six months. She was a native of Ken
tucky. She was the daughter of Mr
J. E. Dii kerson, one of the most pros
porous and prominent merchants of
Cadiz. Ky. He has been in business
for more than twenty years, and is
prominently connected with the Cadiz
Theological School. Mrs. Crump had
been in poor health almost since the
beginning of her married life. After
coining to Nashville she made a trip
back to Kentucky with the hope of re
gaining health. Finally she returned
to Nashville and entered Mercy Hos
pital. She seemed to have improved,
but only for a short while. She and
her husband were residing at 1006
Sixteenth avenue, North, where she
was at the. time of her death. The
family was summoned to the bedside,
and both her mother and father re
sponded and remained until the last,
The remains were shipped to Cadiz for
interment by Alsup & McGavock. The
deceased was a prominent member of
the Second Baptist Church of Cadiz,
Ky., of which Rev. W. II. McRIdley,
P. D., Is pastor.
The funeral of Mrs. Ellen Church
last Monday afternoon at Tabernacle
Baptist Church was attended by a
targe number of relatives and friends
that completely filled the edifice. A
beautiful tribute was paid her mem
ory by the pastor of the church and
also by those who assisted In the cere
Mrs. Church was a member of
Miriam Household of Ruth which was
present with a large number of the
Order, and performed the beautiful bu
rial service of their organization. Mrs.
Church contracted typhoid fever some
five weeks ago which consumed her vi
tality, until Saturday, when she nassed
away peacefully, maintaining con-
clousness and exDressine abidine
faith in her Savior to the end.
The funeral was in charee of Hon.
A. W. Johnson, the new undertaker,
whose skillful embalming and Derfect
service received unstinted praise from
the family and those who saw the de.
ceased dressed as a sleeping bride on
lovely ashes of rose couch. The cor
tege was large and magnificent, show
ing the popularity of the deceased.
Nashville has had numerous stae
parties, but seldom has there been a
more highly pleased assemblage of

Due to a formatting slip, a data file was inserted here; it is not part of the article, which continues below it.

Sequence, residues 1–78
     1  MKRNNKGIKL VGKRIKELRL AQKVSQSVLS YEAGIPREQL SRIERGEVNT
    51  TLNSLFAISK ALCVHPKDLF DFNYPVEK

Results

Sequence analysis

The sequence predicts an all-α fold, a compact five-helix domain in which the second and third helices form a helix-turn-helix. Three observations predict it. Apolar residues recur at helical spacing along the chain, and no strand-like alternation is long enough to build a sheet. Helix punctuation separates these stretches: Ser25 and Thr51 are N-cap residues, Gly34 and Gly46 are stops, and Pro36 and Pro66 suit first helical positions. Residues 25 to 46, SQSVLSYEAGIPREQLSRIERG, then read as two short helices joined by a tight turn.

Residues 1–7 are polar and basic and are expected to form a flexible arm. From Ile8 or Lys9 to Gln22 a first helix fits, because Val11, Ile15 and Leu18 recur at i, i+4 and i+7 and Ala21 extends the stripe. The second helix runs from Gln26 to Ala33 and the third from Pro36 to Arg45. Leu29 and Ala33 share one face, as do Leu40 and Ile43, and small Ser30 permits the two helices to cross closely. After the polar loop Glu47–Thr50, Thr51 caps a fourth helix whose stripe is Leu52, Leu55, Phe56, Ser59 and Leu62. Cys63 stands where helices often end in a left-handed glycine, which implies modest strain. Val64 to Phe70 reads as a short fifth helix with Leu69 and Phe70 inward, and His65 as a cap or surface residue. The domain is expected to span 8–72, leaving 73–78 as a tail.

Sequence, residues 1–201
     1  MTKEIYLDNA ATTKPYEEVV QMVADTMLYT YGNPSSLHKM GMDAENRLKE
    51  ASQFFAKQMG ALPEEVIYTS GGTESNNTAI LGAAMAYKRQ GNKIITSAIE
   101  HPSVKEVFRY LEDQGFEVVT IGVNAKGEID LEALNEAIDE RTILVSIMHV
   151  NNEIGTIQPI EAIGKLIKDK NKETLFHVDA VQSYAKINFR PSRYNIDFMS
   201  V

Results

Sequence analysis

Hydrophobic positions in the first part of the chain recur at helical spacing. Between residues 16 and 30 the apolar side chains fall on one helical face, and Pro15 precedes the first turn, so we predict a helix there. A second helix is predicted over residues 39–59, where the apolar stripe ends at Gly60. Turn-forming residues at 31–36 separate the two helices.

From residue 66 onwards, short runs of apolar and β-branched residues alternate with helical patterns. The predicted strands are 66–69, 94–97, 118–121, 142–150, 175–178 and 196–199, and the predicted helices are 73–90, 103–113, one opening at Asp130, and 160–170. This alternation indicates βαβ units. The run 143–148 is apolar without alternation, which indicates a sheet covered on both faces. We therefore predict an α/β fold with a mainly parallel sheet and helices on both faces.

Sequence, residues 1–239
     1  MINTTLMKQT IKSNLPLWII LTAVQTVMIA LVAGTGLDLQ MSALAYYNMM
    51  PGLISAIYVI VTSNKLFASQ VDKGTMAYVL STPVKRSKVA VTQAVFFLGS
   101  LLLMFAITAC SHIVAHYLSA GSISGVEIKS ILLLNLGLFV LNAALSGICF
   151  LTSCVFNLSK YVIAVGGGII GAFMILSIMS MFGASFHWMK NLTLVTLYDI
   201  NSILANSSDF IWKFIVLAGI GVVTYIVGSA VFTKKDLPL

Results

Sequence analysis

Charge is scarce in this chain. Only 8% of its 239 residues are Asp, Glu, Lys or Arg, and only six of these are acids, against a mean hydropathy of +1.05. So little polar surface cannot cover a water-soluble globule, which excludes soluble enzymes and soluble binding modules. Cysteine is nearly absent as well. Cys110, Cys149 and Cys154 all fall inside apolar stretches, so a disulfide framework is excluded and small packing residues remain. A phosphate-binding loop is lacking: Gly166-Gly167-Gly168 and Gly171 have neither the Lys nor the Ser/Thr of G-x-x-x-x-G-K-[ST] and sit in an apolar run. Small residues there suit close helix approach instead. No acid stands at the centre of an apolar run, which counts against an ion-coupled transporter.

men at one of these social' functions
of this character than those that en
joyed the hospitality of Messrs. Hiram
Harding and. Josenh Mahin at a stae
supper, given at 1518 PhilliDs street
last Monday evening. The hosts had
exerted every effort to make the occa
sion a peasant one for the few of their
many friends who were invited and
success crowned their every effort
The house was very tastefully decor
ated for the occasion. The decorations
blending very pleasantly and effective
ly to give in both the parlor and the
dining room an Impression of. the
beauties of autumn. A musical 'pro
gram consisting of the latest popular
songs was rendered, being participated
in by several of the guests with instru
mental selections by Mr. Sterling
Austin. Throughout the serving of
the supper, selections were given on
a phonograph, which added much to
the congeniality of the haimy euests.
With all the accustomed grace of ex
perts, the ladies who served the tooth
some viands accomplished their work.
The occasion will not soon be foreot-
ten by those present nor will the hos
pitality of the hosts. The following
menu was served In eight courses:
Bouillon. Wafers.
Lamb Chops. French Peas.
Celery. Lettuce.
Olives. Chow Chow.
Old McBreyer.
Chicken Salad. Mayonnaise Dressing!
Ices. Cakes.
Black Coffee. Salted Almonds.
Fruit. . Cigars.
Those present were Messrs. J. A.
Holbrook. J. 0. Battle. H. M. Hardine.
W. D. Peters, Edward Kennedy, John
H. Lovell, Samuel T. White. W. H. P.
Thompson, Sterling Austin, Joseph
Mahin, Emmet Sims.